The nominated individuals come from a background of business and finance with experience in fields such as investment banking, media and entertainment.

Before the hearing, the faculty association submitted a letter to multiple state Senators expressing similar concerns about the nomination process and the nominees’ failure to reflect the “economic, cultural and social diversity of the state” as specified in the state constitution.

“It’s a bunch of folks with a lot of money and not necessarily ties to the UC,” said Caitlin Quinn, ASUC external affairs vice president, whose office sent representatives to the hearing. “Most of them didn’t go to the UC or have experience in academia or anything public.”

Several other UC students also spoke during the hearing’s public testimony, including Sabo and UCSA President Jefferson Kuoch-Seng. All students urged the committee not to vote for Brown’s slate of nominees.

“One of the things that works in the regents’ favor is that people don’t understand the finer details about how the government and the UC is run,” Sabo said. “Your average student doesn’t make the connection between the regents and decisions about class sizes or tuition.”"


And there is:

Well, this is awkward. The University of California now is in a predicament. As it makes a concerted effort to amp up its campus policies on sexual harassment and assault, one of the regents on the board for the university system is apologizing for sexually harassing a woman at a company he owns. The regent, Norman J. Pattiz, was recorded asking an actress and host of a podcast whether he could hold her breasts while she taped a commercial about bras.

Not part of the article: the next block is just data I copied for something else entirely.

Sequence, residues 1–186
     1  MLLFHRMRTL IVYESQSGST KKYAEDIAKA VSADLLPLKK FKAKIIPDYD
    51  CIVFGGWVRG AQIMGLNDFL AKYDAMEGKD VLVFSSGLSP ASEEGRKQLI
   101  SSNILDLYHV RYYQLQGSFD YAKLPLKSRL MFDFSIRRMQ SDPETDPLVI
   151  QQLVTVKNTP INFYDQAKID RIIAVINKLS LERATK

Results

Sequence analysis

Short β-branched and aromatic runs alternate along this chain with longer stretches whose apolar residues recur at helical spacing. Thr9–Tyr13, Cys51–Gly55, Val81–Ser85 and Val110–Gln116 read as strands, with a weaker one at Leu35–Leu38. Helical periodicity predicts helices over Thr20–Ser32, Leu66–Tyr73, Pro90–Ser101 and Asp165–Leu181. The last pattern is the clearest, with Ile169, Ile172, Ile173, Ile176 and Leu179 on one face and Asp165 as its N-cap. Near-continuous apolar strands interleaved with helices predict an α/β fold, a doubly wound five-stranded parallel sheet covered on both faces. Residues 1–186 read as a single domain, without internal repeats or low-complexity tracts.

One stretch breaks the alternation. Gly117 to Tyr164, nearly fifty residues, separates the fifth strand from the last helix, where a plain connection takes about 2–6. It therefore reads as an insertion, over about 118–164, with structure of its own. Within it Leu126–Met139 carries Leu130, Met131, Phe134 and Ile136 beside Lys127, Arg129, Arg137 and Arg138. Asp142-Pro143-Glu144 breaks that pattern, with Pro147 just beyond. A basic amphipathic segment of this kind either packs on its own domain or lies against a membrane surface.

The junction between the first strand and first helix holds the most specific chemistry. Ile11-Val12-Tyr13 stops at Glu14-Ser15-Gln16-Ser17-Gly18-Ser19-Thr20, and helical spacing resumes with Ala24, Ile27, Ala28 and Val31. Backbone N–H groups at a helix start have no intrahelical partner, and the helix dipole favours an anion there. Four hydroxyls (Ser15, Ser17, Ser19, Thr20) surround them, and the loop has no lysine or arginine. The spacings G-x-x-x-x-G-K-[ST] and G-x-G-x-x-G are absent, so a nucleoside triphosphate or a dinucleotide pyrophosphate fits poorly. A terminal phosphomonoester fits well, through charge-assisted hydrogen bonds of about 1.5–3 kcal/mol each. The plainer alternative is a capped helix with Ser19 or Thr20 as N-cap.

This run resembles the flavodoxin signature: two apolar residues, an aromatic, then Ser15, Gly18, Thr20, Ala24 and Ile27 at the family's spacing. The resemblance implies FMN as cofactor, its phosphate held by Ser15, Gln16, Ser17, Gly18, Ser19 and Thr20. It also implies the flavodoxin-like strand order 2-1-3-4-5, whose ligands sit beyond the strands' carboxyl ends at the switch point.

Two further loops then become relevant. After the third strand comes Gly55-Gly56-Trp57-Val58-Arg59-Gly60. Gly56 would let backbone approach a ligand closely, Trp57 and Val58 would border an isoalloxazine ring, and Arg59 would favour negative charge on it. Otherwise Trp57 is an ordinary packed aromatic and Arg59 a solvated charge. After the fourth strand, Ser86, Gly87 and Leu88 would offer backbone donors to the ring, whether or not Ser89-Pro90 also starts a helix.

Has apathy set in on the Cal Chancellor search?

Chancellor search committee holds listening session for undergraduate, graduate students

"The undergraduate student listening session, which took place first, was attended by approximately 30 students."

"The graduate students’ meeting followed, and, though it was scheduled to last 90 minutes, it finished after only 40 minutes because of low turnout — only three students spoke and six attended.

“We’re looking to engage in a more meaningful way,” said doctoral student Andrew Stevens during the meeting. “When we talk about transparency it’s so that we can step up to the table and have more substantive conversations than what an ideal candidate would look like.”

Stevens, who is the rules officer for the Graduate Assembly, invited the members of the search committee to “come meet us where we are” at the GA’s delegate assembly meeting. He also noted that the listening session took place during the GA’s executive board meeting, which could account for the low turnout.

Concerns were also voiced about Isaacson, Miller, the private search firm that is assisting the committee with the chancellor search. One of the firm’s vice presidents, David Bellshaw, was at the listening sessions with two associates and assured the graduate students of the firm’s experience in assisting with search processes."

ASUC external affairs vice president calls for students to organize against potential tuition hikes